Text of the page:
Internal structure of Chloroplast

Electron microscopy shows the chloroplast to consist of an envelope enclosing a complex of membranes, the thylakoid system often joined or stacked into grana; the lipid membranes, contrast with the background when stained with lipophilic electron dense osmium. The space between the envelope and thylakoid membranes is the chloroplast stroma. The envelope is composed of two membranes each about 5.6 nm thick separated by the intra envelope space (10 nm) with areas of high electron density which are possibly contact points between the membranes; they may be involved in transport, i.e., of proteins between cytosol and stroma. The membranes are lipid bilayers, of galactosyl glycerides and phosphatidyl choline, containing carotenoids but no chlorophyll.

The stroma contains indistinct granules and particles, mainly of proteins; the enzyme ribulose bisphosphate carboxylase (Rubisco) is the major soluble protein and may crystallize in unfavorable conditions such as water stress or air pollution. Other inclusions are products of the photosynthetic processes; for example, starch granules upto 2µm long accumulate in stroma and disturb the thylakoid membranes, and globules of lipids and plasto quinine accumulate; RNAs and DNA occur in chloroplasts which synthesize many of their constituent proteins.

The most noticeable feature of chloroplasts in electron micrographs is the thylakoid. Thylakoid membranes frequently associate into granal stacks, interconnected by pairs of membranes, called stromal thylakoids (or alternatively intergranal connections or frets), which are in connect with the stroma on both the sides. The interface between the appressed membranes is the partition region. In C3 plants over 60 percent of the thylakoid surface is typically in the grana. The end membranes of stacked thylakoids and the ends of the grana, but not the partition regions, have direct contact with the stroma.

Thylakoid membranes vesicles in the grana are stacked and flattened, but not closed, sacs inter connected with the other membranes. The vesicles join the stromal lamellae at different points around the periphery of the granum. The structure derives from the folding and joining of separate sheets of lamellae which are interconnected and probably originate from a single point, the prolamella body, in the developing chloroplast. The thylakoid system appears to be a single interconnecting giant closed vesicle with continuous lumen, a feature of great importance in electron transport and ATP generation. Composition of the lumen is not known; but proteins, of the water-splitting complex and the light-harvesting complex for example, may occupy part of the volume and it is unlikely to be homogeneous aqueous solution of small molecules. Grana differ in extent and size between species, and with conditions during growth, for example with bright illumination, there is less granal stacking. Grana in isolated thylakoids stack and unstuck, according to the ionic concentration and light quality.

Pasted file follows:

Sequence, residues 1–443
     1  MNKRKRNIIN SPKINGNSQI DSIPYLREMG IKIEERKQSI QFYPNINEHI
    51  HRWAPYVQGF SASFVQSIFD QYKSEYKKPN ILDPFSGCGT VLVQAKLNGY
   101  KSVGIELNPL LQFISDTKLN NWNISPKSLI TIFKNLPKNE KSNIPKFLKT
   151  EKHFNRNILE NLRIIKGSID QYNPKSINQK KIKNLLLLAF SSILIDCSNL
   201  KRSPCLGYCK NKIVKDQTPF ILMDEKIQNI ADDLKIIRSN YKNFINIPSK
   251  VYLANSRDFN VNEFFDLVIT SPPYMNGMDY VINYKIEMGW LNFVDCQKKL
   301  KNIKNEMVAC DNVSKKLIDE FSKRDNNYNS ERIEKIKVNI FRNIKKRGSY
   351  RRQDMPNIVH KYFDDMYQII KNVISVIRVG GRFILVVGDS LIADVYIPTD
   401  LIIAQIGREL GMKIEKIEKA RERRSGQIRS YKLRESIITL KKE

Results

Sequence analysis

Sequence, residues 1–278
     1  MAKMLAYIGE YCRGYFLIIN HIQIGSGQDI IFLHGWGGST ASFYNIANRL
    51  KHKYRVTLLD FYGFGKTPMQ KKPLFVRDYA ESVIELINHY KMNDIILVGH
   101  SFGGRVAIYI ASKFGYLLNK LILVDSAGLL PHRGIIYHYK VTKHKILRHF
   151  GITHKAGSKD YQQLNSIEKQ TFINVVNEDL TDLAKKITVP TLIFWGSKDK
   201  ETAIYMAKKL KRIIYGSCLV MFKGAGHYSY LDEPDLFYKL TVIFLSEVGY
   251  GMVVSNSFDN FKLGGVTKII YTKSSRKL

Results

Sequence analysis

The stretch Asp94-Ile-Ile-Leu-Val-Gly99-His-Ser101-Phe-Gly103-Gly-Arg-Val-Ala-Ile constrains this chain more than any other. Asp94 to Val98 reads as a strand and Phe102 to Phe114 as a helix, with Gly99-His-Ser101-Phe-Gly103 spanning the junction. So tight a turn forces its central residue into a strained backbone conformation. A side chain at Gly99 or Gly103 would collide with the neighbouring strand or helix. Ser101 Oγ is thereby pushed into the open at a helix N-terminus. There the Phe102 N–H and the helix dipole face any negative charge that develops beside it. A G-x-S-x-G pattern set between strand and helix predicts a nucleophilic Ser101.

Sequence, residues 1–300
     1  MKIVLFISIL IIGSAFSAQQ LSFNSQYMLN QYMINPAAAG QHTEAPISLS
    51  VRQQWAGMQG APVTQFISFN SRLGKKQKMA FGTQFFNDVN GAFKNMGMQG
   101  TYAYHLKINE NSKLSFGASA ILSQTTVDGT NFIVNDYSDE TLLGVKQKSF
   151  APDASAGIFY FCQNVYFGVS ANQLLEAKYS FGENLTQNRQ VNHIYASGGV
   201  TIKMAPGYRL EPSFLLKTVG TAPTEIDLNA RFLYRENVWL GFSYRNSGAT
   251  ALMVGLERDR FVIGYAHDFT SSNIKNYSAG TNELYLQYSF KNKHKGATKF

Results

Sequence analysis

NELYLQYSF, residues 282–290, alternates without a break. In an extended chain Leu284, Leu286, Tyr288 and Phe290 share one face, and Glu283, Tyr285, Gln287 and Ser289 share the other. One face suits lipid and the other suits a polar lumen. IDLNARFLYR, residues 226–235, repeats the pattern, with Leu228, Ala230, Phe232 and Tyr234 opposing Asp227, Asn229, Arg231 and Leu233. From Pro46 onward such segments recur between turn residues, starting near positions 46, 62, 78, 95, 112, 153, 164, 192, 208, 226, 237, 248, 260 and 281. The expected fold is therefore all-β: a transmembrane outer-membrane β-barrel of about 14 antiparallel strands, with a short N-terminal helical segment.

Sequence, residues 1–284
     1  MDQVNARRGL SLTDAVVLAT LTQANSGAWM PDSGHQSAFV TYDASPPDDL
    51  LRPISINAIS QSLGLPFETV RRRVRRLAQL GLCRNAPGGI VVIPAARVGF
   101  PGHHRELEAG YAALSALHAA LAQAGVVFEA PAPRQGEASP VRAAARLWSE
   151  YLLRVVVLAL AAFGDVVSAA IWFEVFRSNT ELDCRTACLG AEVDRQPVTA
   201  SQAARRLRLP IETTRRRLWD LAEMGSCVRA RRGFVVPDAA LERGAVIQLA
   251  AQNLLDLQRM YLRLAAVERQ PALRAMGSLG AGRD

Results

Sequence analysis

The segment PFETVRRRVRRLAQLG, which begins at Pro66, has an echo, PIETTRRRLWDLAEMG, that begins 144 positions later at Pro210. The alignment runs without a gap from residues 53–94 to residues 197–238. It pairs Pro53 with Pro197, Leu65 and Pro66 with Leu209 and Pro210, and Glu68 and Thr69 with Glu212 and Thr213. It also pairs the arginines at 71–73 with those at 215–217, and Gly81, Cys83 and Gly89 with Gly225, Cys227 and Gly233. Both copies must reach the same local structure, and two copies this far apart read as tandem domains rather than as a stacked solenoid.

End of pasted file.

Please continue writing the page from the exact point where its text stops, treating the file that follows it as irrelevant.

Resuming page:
On the outer surface of stromal and of granal thylakoids in contact with the stroma, are particles of Rubisco loosely attached and easily removed.

Thylakoid membranes are ‘sided’ in construction, with the water-splitting complexes in the lumen, a PS II chlorophyll-protein complex, a cytochrome b-f complex and light harvesting complex spanning the membrane interspersed with the PSI chlorophyll-protein complex on the outer side, and finally enzymes of carbon metabolism and ATP synthesis on the outer surface. This sidedness allows thylakoids to transport electrons to the stroma from water in the lumen and accumulate protons in the lumen.

Chlorophyll- a & b occur only in thylakoid membranes and may form 5 percent of their total mass. Chlorophyll is complexed with, but not covalently bonded to proteins; the hydrophobic phytyl groups of chlorophyll may be between the membrane proteins and lipids, and the hydrophilic parts of the porphyrin ring in the protein. This would orientate pigment molecules for efficient energy capture.& transfer.

Although there is uncertainty about the chlorophyll-protein complexes in the membrane and their correspondence to their membrane particles, three main complexes contain 90 percent of the chlorophyll. One corresponds to PSI and its antenna chlorophyll-a; it is called P700 chlorophyll a complex or chlorophyll-protein complex I, CPI for short. A second is light-harvesting chlorophyll a/b-protein complex, now called light harvesting complex, LHC, which has only antenna function and no photochemical activity. The third is less well resolved but contains PSII and its antenna chlorophyll-a. It is called CPa and is the chlorophyll-protein complex serving as the internal chlorophyll-a antenna of PSII


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